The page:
By Heather Baysa
By Amy Nicholson
By Stephanie Zacharek
By Amy Nicholson
By Stephanie Zacharek
By Simon Abrams
By Michelle Orange
By Alan Scherstuhl
Sandwiched somewhere between the American Spirit commercials and the Clinton campaigning that make up Definitely, Maybe is a surprisingly rewarding romantic comedy — one worth the effort, because some effort's actually been put into it. Imagine old-school Woody Allen starring that shit-eating smirker from Van Wilder, Ryan Reynolds, who's always been something of a slumming comer till now; if this isn't exactly Annie Hall or Manhattan, the mere fact that it aspires to those heights is worth a celebration of some kind — say, a small street fair in Hoboken?
Such are the diminished expectations caused by living in so depressed an era in studio cinema-making that Kate Hudson and Matthew McConaughey only last week got another shot at falling in big-screen love, ugh. Happily, this is no fool's gold, but something a little more valuable: a romantic comedy in which the love story's plenty dinged up with disappointment and the requisite laughs are played instead for sad, knowing grins. The movie even dares to suggest that happy endings come to an end — something rarely acknowledged in studio movies peddling the sickly sweet promise of Everlasting True Love on Valentine's Day. Definitely, Maybe doesn't quite possess the courage of its convictions — not to ruin anything — but it also digs deeper than your average romping rom-com and is populated by some very sad and lonely people who keep bumping into each other in New York City.
The film's told almost entirely in flashback — during that long-lost decade of the 1990s. Reynolds, of course, looks very much the same in any decade: When first we meet him in 2008, he's a corner-office ad exec being served his final divorce papers. Smartly capturing the ease with which we disconnect from the outside world, he slaps on his iPod, punches up Sly and the Family Stone's "Everyday People" and struts through a silent Manhattan — a dude living his own movie, scored to his perfect song. He then picks up his daughter, Maya (Abigail Breslin), who turns out to be one of those eleven-year-olds in movies who sound like their 51-year-old writer-directors (Adam Brooks, in this case) when discussing things like love, sex and relationships.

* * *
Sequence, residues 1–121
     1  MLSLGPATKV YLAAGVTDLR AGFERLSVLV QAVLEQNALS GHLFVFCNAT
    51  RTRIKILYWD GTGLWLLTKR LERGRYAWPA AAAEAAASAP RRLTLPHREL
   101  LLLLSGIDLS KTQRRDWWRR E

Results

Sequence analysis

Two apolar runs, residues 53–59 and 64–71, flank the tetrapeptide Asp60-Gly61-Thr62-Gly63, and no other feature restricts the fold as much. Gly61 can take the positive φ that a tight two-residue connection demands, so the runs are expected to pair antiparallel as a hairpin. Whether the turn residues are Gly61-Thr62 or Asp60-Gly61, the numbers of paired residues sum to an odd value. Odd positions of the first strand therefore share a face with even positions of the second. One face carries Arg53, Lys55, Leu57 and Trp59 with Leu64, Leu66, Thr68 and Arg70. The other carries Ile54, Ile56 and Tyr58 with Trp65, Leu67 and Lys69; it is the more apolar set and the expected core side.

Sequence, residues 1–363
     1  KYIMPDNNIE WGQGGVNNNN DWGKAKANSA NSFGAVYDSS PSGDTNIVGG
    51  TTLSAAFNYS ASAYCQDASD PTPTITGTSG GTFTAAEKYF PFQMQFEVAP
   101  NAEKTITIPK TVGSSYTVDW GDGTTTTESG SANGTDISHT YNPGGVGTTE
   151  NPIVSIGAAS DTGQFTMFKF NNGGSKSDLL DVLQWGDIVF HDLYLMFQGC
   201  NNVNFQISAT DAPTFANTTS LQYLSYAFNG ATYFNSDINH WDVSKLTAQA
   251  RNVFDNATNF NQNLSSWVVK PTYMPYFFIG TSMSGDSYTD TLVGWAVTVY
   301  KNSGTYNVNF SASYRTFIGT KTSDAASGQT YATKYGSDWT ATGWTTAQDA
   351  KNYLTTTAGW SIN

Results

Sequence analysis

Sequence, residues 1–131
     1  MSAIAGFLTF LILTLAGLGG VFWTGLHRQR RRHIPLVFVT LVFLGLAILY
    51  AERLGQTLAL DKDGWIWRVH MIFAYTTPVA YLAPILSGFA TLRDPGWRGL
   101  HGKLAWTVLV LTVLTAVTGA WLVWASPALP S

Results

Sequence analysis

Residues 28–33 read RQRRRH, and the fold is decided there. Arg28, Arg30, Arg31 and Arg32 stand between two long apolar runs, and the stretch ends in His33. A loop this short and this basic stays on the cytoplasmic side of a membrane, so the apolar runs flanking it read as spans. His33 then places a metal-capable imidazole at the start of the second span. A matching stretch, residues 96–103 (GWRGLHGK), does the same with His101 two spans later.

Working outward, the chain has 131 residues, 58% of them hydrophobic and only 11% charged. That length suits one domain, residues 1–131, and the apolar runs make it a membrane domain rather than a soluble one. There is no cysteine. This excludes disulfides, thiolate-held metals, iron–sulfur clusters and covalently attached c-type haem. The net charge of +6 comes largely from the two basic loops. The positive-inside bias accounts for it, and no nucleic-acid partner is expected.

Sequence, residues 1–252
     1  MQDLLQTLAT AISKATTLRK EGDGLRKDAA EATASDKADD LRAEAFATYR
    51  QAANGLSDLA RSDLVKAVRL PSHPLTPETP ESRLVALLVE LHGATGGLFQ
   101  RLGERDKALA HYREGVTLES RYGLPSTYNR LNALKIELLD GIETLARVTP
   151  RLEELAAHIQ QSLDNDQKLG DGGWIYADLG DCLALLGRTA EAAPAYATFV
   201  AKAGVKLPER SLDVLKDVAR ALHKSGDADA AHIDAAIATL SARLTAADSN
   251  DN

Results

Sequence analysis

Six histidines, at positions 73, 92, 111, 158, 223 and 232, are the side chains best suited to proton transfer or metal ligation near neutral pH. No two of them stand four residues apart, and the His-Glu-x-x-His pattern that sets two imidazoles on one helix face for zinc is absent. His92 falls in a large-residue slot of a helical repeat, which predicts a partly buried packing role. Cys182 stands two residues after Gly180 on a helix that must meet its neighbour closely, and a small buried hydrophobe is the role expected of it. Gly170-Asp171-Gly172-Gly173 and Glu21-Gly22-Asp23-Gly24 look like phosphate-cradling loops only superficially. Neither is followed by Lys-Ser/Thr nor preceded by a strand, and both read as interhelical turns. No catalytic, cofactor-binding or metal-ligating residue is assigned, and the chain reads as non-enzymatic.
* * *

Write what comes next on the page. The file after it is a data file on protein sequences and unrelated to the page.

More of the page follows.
Maya wants to know how it all went wrong between her parents, and as a begrudging bedtime tale, Will lays it out for her, changing the names of the women in his life story in order to keep his daughter (and the audience) guessing Mom's identity. (Sounds like a very special episode of How I Divorced Your Mother.) As Will recounts his life in New York in the early to mid-'90s, he encounters several women with whom he will fall in and out of love — one of whom will become his wife and Maya's mother. Only, at the end of Will's story, the parents will be divorced, and Maya will be left with what she calls "a romantic mystery" absent its fairy-tale finale.
But before the unhappy present-day, first to the promising yesterdays: It's 1992, and Will's a collegiate Young Democrat in Wisconsin dating the old-fashioned Emily (40-Year-Old Virgin's do-it-herselfer Elizabeth Banks). Emily refuses to move to New York, where Will's been hired to work on Bill Clinton's 1992 campaign — filling toilet-paper dispensers, it turns out. Working for Clinton, Will elects himself two best friends: Derek Luke's Russell, with whom Will eventually forms a political-consulting firm; and Isla Fisher's April, the freewheeling Xerox girl with the Smiths T-shirt who frowns on things like presidents and marriage. Also in New York: an old friend of Emily's named Summer (Rachel Weisz), a would-be writer shacked up with a cantankerous, decrepit, robe-wearing, chain-smoking, Scotch-drinking, pop-culture-loathing author-professor brilliantly named Hampton Roth, played by Kevin Kline. (Oh, would that the Roth character gets his own feature one day.)
And, over the course of the next couple of hours, Will and these bright, beautiful women keep crossing paths — as lovers, as disappointments, as friends, as what-coulda-beens, as what-might-bes. Brooks, whose French Kiss screenplay was as tony and old-fashioned a romance as Hollywood's made in twenty years, ultimately grounds the movie in the up-and-down everyday — in which yesterday's love affair is today's breakup is tomorrow's regret. As romantic and sweet and silly as the film can get — Weisz, out of nowhere, offers an unexpectedly touching, minor-key version of "I've Got a Crush on You" — ultimately it just shrugs and says, "Do your best, expect the worst, and you'll muddle through."
Of course, one could easily look at the movie as a well-timed portrait of one man's shattered affection for Bill Clinton; it encompasses his entire presidency, from the early Man From Hope love-in to Monica Lewinsky. Reynolds, muting his smart-ass qualities without dulling his timing, bemoans Clinton's parsing of words: "What happens when they give him a hard word?" he snaps at the TV as Clinton ponders the meaning of "is." Truth is, it's just an unexpected delight to find Reynolds in something resembling a grown-up comedy; he seemed forever destined to be the dude from Two Girls, a Guy and a Pizza Place. Maybe he's no longer a could-have-been, but rather a might-be-after-all.
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